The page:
As Halloween becomes a memory, the fireworks of the plant world prepare for their annual colour explosion.
Many direct factors combine to affect the quality of autumn colour; weather, temperature, and soil conditions all have a bearing on the depth and brilliance of the colours.
Of course what appears to be a mystical display for our benefit is nature’s way of shutting down deciduous plants for the winter.
When temperatures drop and the days begin to shorten, resources stored within the leaves are slowly withdrawn and conserved for the following year.
The subtle hues we can expect over the coming days can be truly breathtaking and all who can get out to visit arboreta and parks should do so.
Butter-yellow and gold, through to tangerine, orange, and scarlet will predominate, whilst the reds can arrive as varied as ruby or crimson.
The most dramatic effects are achieved by combining several plants of contrasting tints but you will need a large garden (mostly free from lime) for just such a collage.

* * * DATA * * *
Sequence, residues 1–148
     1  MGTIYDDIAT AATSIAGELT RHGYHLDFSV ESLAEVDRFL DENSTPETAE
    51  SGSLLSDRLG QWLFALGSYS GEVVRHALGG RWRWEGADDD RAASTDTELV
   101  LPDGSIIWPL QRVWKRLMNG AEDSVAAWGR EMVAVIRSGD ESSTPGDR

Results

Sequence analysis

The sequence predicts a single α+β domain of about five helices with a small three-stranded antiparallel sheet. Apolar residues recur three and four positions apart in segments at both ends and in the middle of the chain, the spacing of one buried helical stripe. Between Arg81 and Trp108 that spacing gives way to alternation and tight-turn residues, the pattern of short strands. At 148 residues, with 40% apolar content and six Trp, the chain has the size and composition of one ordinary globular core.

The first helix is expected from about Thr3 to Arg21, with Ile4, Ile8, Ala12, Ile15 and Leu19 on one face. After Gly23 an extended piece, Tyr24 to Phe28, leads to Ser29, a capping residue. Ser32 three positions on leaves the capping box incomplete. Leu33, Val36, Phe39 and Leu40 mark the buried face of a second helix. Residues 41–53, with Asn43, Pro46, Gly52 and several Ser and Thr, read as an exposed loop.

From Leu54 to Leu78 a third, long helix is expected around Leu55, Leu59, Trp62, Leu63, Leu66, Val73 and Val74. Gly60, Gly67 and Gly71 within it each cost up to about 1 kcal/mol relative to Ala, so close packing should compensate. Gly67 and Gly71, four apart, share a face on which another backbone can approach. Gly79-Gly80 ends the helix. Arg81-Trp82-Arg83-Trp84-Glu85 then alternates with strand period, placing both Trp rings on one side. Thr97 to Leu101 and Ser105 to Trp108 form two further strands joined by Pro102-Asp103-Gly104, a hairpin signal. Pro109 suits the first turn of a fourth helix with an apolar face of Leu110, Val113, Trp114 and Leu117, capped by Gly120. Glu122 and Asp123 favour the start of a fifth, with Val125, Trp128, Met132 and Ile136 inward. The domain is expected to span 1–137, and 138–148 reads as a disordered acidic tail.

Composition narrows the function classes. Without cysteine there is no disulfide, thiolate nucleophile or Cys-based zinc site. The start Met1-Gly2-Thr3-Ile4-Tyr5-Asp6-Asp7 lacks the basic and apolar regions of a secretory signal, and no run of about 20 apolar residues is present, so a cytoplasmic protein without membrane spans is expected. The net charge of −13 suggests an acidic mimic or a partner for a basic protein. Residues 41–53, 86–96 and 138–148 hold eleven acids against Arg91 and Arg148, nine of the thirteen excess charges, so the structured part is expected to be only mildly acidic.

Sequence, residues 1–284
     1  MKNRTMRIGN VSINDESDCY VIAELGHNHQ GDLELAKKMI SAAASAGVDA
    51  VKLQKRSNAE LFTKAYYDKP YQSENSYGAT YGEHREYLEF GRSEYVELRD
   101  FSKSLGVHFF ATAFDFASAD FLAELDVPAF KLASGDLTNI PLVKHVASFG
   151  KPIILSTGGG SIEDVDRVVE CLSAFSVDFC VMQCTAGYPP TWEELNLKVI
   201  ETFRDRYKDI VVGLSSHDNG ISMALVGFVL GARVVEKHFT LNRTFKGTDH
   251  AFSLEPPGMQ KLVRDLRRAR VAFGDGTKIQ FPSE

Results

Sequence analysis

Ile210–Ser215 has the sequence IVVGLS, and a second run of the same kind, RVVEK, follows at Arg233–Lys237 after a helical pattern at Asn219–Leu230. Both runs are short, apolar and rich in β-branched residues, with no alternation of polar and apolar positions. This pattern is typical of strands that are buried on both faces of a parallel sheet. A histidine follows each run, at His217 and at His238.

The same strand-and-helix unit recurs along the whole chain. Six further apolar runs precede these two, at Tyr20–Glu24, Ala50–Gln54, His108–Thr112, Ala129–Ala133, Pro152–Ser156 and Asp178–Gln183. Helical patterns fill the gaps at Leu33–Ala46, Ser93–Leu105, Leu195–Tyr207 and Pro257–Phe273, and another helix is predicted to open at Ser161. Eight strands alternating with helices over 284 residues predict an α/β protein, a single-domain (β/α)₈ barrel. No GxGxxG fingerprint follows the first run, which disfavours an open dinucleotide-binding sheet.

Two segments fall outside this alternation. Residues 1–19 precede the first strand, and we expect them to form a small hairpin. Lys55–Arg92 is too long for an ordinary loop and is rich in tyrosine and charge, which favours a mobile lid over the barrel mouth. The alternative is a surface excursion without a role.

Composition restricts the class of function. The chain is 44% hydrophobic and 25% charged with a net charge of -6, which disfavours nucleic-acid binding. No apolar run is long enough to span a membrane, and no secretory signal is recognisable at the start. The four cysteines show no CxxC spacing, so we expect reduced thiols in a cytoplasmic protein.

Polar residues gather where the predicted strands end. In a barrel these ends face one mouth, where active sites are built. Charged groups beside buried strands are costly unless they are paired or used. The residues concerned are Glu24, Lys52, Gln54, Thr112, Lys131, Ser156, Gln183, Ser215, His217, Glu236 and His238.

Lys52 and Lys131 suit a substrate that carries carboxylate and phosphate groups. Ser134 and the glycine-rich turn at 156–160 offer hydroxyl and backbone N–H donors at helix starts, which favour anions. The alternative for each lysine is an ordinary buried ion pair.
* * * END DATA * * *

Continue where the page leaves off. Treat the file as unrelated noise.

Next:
Alternatively, choose a single specimen.
I can suggest a particular shrub which will thrive on all soils (lime included) and if given a backdrop of dark-leaved evergreens will form a solid block of a single shade, shouting its presence in the still warm autumn sunshine.
This use of restraint and simplicity can prove more startling and effective than a multi-coloured scene.
My outstanding choice for all soils and all gardens is the winged spindle tree, Euonymus alatus.
This attractive shrub comes into its own in autumn when it reliably delivers resplendent colour.
The simply-shaped, dark green leaves which are paired up along the stems undergo a metamorphosis to become one of the most striking sights in the autumn garden.
They colour dramatically reaching a rich shade of pinkish crimson (of startling intensity) and droop rather elegantly from the spreading stems.
When a really hard frost arrives it will knock all the leaves off and the bare stems of the shrub will sit in a pool of red debris until they’re absorbed naturally back into the soil.
Another distinctive feature of this shrub is its distinctive bark; pronounced corky ridges which form elongated ‘wings’ grow along the surface of the stems and branches.
As well, coloured clusters of dangling ruby berries normally add to the decorative effect.
To cap it all its slow growth and medium size make this shrub a welcome addition to the smaller garden where it is certain to become a dominant feature in autumn.